• The Real Palestinian Pandemic: Political Sclerosis - Prof. Hillel Frisch
    Mahmoud Abbas heads an organization that has witnessed only one leadership change in its 56 years of existence, and this only occurred when Yasser Arafat died in 2004. No elections have taken place for the PA presidency since 2005. Abbas, in his mid-80s, will not live forever and a power vacuum in the PA is inevitable. This leaves the situation ripe for competing warlords and Hamas to fight it out for succession.
        The writer is a professor of political and Middle East studies at Bar-Ilan University and a senior research associate at its BESA Center. (Begin-Sadat Center for Strategic Studies-Bar-Ilan University)

  • Weekend Feature

  • When Jews Sought Refuge after World War II - Amy Davidson Sorkin
    As David Nasaw recounts in The Last Million: Europe's Displaced Persons from World War to Cold War, after World War II the Allied authorities initially maintained that it was wrong to differentiate Jews from other displaced people. Instead, displaced persons were to be sorted out on a "nationality basis," which meant that a Polish Jew who had survived the death camps might share quarters with someone who had guarded a camp in Poland.
        Many Polish Jews did try to return home, only to be greeted with violence from neighbors who, in some cases, had taken possession of their houses. On July 4, 1946, in the town of Kielce, some 40 Jewish survivors were killed in a pogrom: "stoned to death, beaten to death, thrown from windows, shot, bayoneted," Nasaw reports.
        When it came to resettling the refugees, the prospect of increased Jewish immigration to Palestine, which President Truman endorsed, exasperated the British who still controlled the region. Yet there was no mobilization to bring Jewish refugees into the UK. In the U.S., too, the number of Jews admitted during the first years after the war was achingly small.
        At the same time, the British gave sanctuary to thousands from the Baltic states to address labor shortages in agriculture and industry. This hit a snag when a doctor in London noticed that many of the Latvian men had their blood types tattooed under their left arms, revealing them to have been members of the S.S. When British miners refused to work with the Baltic men whose S.S. tattoos they had spotted, the National Coal Board recommended that they not be given jobs "where they might have to remove their shirts."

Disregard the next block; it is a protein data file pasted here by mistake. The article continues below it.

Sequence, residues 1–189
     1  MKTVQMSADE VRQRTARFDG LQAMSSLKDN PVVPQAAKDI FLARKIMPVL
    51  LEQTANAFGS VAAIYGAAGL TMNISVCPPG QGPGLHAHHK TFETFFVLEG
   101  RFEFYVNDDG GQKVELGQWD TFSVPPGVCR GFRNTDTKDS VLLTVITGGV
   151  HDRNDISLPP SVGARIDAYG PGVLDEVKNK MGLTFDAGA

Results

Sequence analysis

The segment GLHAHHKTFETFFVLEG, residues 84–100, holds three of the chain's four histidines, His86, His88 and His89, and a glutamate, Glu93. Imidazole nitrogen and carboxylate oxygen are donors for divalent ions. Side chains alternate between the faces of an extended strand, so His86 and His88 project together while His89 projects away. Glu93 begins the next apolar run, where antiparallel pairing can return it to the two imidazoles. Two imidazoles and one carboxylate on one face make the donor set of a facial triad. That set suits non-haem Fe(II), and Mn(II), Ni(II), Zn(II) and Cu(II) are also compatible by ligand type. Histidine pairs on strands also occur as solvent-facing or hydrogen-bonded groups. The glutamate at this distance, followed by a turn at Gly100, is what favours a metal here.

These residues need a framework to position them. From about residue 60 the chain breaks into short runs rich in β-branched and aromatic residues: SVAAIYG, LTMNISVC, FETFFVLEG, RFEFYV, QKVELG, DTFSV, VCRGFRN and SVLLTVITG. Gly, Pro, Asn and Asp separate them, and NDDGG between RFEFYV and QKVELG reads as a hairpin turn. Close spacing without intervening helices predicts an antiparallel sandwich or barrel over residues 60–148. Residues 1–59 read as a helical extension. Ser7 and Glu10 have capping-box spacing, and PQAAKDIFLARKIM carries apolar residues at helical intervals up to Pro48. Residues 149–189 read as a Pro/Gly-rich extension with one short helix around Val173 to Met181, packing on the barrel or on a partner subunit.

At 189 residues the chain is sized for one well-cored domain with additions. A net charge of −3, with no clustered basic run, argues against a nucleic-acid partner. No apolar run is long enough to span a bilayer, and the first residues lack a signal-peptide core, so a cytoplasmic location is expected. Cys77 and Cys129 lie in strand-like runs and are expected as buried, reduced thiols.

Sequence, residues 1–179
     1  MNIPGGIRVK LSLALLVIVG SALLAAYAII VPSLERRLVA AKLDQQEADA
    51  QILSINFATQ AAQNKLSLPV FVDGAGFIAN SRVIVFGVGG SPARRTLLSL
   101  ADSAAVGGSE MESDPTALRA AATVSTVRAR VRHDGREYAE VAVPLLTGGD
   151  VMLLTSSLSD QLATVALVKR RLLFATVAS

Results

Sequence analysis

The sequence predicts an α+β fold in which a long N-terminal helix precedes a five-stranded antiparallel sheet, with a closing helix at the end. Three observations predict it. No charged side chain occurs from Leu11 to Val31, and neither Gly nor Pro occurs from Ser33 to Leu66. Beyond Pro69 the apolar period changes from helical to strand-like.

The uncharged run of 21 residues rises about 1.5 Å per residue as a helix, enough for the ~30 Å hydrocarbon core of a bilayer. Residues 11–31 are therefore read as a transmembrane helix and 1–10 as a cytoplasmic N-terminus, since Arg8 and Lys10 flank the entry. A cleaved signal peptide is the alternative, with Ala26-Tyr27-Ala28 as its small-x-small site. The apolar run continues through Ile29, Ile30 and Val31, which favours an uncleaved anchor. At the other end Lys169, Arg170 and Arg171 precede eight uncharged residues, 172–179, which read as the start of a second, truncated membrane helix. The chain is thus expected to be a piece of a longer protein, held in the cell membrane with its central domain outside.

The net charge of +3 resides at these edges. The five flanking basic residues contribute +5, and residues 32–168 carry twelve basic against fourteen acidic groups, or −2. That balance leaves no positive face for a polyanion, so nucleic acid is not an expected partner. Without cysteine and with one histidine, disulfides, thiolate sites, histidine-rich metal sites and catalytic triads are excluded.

In late 1946, Jewish groups in the U.S. pushed Congress to pass legislation to accept 400,000 D.P.s, estimating that based on the proportion of Jews in the D.P. camps, a good 100,000 would be Jews. But senators who didn't want to let Jews in added language excluding the Jews who had fled the Polish pogroms. Meanwhile, hundreds of thousands of non-Jewish Eastern Europeans arrived in the U.S. with little real examination of their wartime records. (New Yorker)

A New Understanding Dawns in the Middle East - Hillel Fradkin and Lewis Libby (Mosaic)
  • In the aftermath of the new peace treaties between Israel and the UAE, Bahrain, and Sudan, important Arab public figures - from political officials to clerics to intellectuals - are now openly proclaiming that the Arab world has been the primary author of its own pain. These admissions may signal the beginnings of a new sensibility among Arabs and Sunni Muslims about their political and social situation.
  • Their error was the notion that Israel was the most crucial enemy of Arabs, Muslims, and their states, an enemy that had to be not only defeated but utterly eradicated because it disrupted the harmony and progress of the Arab and Muslim world. Until recently, this view was central to Arab and Muslim sensibility.
  • As Israeli Arab journalist Khaled Abu Toameh has observed: "For most Arabs the terms peace and normalization with Israel were associated with extremely negative connotations: humiliation, submission, defeat, and shame." To the question of what ailed Arab and Muslim politics and society, there was always this widely-accepted answer: the state of Israel. If only it could be eliminated, all would be well.
  • The new deals have now shattered that discourse, declaring that Israel is not the enemy it was alleged to be, and promising a "warm peace" with broad economic and cultural exchanges. They acknowledge that Israel is not the problem, but rather a partner on the path toward solving Middle Eastern woes.
  • Most crucially, the changes in Arab discourse regarding Israel have not unleashed the vehement and widespread explosions of opposition throughout the Sunni world which would have been expected in decades past. Rather, they seem to bespeak views that were developing over some time, waiting for the opportunity to be let out.

    Hillel Fradkin is director of the Hudson Institute's Center on Islam, Democracy, and the Future of the Muslim World. Lewis Libby is Hudson's senior vice president.